Shijo-Tsushin #13 November, 1997


by Shuichi NAKA

I'm also a what they call "kikokushijo" although I honestly really don't know what they mean by this since I don't feel like I've returned anywhere. I spent the first half of my life in the States, then moved to Japan when I was fourteen. At the time, I couldn't speak a word of Japanese so I assume you can imagine what life was like for me. I transferred from an ordinary American junior high school to an ordinary Japanese public junior high school, and the minute I stepped in the classroom, I felt like a panda who was just imported from China. Gimme my bamboo shoots, please, and stop starin'. Life hasn't exactly been the same ever since.

Now I'm past thirty and I still have a serious identity crisis. Am I Japanese or American? Who do I root for in the Olympics? Should I buy Ford or Toyota? Do I cheer Akebono or Takanohana? But then, I realize that the number of so-called "kikokushijo's" is increasing (the fact that I found your site surfing the web is evidence of this), and they (or should I say we?) are becoming a conspicuous group in society. I was flabbergasted to find numerous web sites for translation/interpretation agencies run by "kikokushijo's", which made me wonder, how do they do it? Have those people found themselves a niche in society? Did they find assimilating easy?

I don't know how many years you were abroad, but I guess my case would be more similar to, for example, children of foreigners who have come here with their parents. I haven't met very many "kikokushijo's" who spent as much of their formative years abroad as I have. Have you? It is a truly difficult thing to re-program your mind from one culture to another. I remember a friend who is an ethnic Korean saying she gets very confused at times about her identity, and I knew exactly how she felt. However, the "kikokushijo's" these days seem to be able to blend into society easily (although I know they have their problems, it's just that they seem more inconspicuous these days). One reason is probably the fact that there are more Japanese schools abroad, and companies are cutting the duration of overseas tours. Thus, I believe their children find it easier to retain their Japanese identities. I really never had one from the start, though.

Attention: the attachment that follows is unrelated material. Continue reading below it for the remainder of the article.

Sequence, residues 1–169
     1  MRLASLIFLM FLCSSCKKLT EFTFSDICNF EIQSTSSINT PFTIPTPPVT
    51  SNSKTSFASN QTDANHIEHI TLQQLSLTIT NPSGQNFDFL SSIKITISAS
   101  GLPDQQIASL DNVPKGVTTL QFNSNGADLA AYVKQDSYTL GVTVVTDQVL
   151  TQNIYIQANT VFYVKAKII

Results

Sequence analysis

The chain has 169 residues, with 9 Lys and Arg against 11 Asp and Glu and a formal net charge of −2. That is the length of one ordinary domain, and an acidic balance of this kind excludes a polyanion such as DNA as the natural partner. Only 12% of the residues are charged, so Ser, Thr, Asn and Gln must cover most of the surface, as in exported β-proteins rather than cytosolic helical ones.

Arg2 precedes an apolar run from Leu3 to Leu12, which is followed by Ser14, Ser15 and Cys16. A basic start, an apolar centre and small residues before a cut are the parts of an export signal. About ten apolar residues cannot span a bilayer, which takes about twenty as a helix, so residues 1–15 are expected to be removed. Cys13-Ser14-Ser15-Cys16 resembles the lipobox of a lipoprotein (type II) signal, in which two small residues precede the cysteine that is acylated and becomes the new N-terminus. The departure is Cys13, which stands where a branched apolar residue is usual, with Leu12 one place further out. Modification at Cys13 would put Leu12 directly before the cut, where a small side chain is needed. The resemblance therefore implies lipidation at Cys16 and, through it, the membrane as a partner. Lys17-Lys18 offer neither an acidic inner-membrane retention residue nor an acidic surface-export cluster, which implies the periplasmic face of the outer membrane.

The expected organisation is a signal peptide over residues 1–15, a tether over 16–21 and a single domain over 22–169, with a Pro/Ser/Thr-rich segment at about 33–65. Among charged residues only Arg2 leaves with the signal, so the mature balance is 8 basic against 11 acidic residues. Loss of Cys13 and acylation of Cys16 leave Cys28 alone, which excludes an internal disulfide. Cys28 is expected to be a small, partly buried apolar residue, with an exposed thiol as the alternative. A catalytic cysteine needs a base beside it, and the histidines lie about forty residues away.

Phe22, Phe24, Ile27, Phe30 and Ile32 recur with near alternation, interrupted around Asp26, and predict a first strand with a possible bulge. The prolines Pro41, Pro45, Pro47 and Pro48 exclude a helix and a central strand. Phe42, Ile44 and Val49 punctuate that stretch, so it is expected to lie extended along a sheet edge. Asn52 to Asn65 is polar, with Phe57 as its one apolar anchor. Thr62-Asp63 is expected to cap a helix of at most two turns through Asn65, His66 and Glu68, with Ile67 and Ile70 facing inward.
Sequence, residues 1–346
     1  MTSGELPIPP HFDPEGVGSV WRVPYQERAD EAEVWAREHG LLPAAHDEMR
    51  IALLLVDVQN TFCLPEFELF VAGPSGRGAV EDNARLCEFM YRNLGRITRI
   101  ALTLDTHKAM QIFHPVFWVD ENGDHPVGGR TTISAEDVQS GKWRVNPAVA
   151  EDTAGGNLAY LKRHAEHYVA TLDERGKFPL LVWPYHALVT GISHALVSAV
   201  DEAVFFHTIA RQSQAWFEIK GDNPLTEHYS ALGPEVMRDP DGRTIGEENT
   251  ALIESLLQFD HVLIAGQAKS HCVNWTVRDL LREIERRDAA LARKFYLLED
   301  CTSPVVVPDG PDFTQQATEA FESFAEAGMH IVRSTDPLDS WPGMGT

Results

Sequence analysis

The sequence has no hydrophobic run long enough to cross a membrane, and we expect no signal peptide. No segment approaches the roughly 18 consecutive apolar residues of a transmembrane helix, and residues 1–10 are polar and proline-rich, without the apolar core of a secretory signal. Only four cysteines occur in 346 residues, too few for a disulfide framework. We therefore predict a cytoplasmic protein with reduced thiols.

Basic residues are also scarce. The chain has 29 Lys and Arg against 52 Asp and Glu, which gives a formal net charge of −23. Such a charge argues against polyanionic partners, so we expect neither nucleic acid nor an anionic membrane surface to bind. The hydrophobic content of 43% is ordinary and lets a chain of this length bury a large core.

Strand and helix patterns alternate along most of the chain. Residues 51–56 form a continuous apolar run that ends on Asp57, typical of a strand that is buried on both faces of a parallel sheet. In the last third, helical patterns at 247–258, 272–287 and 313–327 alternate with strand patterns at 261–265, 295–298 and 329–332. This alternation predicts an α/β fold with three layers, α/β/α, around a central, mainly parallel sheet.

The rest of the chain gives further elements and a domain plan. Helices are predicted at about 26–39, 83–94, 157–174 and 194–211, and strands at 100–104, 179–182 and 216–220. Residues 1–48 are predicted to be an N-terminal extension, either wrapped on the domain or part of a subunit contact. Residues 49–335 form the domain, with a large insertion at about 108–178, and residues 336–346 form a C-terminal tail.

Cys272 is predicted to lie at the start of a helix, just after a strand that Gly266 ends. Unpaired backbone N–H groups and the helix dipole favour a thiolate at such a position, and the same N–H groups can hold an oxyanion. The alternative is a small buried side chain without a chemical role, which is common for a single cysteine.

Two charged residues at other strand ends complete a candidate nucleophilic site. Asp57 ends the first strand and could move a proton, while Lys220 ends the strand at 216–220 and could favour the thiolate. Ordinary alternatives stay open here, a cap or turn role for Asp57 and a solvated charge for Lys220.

However, there are those who have problems, or else you wouldn't have your web site. I believe that the problems "kikokushijo's" face are similar to those faced by, for example ethnic Koreans or Japanese-Brazilians. It comes from this country's homogeneity. In America, or Brazil, or India, for that matter, since society is multi-ethnic, it acknowledges individuals from other cultural backgrounds more readily. Furthermore, especially in the States, individualism is a God-given right, something that hasn't quite been attained in Japan. Japanese society is improving, no doubt, but there are still subtle barriers towards individualism, which I (and I'm sure the US trade negotiators) run into every day.

I am impressed by your web site, and at the fact that this vague group of people called "kikokushijo's" have come this far. Keep up the good work.

Mail to author
Your mail will also be delivered to the editors.